Tyler Perry wants to be able to leave his entertainment empire to his children one day, and the Madea creator may have already found the woman who’ll help make that happen.
“This isn’t the reason to have children, but it would be really sad to work this hard to build something and not be able to pass it on to my junior, to my sons, to my daughters,” Tyler told Ebony magazine.
“Back in December, when we thought we were having a kid, I got a little overwhelmed,” Tyler added before confirming that there is a special lady in his life and that their aforementioned pregnancy scare worked his nerves a bit. "Now, I got overwhelmed when I first got a dog because I knew I was responsible for this living creature. So think how I reacted to the thought of having a child."
“She’s really, really special. It’s the longest relationship I’ve been in,” he added without actually revealing the identity of his lady love.
Tyler, who just recently opened up on "The Oprah Winfrey Show" and to the world about the physical abuse he endured as a child, has never spoken publicly about dating a woman and has had his sexuality questioned as a result.
While Spike Lee has repeatedly criticized Tyler for his somewhat stereotypical characters, fellow filmmaker John Singleton said Tyler is doing what all who went before him dreamed of.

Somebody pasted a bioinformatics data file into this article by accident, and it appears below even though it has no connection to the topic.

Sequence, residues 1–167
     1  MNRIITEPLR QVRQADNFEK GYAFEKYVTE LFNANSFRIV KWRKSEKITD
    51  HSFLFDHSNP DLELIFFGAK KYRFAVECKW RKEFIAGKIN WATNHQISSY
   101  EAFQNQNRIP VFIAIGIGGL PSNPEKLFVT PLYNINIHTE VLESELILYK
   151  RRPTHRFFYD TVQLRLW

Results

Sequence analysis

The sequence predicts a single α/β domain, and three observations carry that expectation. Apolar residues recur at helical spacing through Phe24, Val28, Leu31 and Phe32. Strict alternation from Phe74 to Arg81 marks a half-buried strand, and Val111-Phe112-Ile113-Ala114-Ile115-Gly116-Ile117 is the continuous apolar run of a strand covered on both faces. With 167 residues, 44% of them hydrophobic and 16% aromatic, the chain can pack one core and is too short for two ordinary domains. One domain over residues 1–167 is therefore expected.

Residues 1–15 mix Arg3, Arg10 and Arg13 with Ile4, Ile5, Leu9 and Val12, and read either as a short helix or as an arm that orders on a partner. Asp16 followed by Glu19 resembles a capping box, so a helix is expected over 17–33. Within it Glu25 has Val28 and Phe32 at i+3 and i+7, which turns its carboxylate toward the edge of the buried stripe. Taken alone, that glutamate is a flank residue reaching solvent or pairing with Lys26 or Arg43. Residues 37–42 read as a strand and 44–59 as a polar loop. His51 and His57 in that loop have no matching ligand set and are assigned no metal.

“Tyler has done what he’s done off of the work [that] myself, Spike and other filmmakers have done… I’m looking at this from a history perspective; we now have a Black studio," John told The Root while at the American Black Film Festival. "We now have everything we talked about [that] we wanted. You can say whatever you want about his movies, but he’s built exactly what we said we wanted to do. So now it is just about where we take it from here."
Tyler, who not so long ago said Spike and his criticisms could go to hell, now says he regrets that statement.
“I’m going to be more respectful of him and his family,” Tyler told Ebony. “I believe Spike can do what he does and I can do what I do… There’s room for more than one of us in every industry and the moment we embrace that as a society, we can get past all this stuff.”
— Tracy L. Scott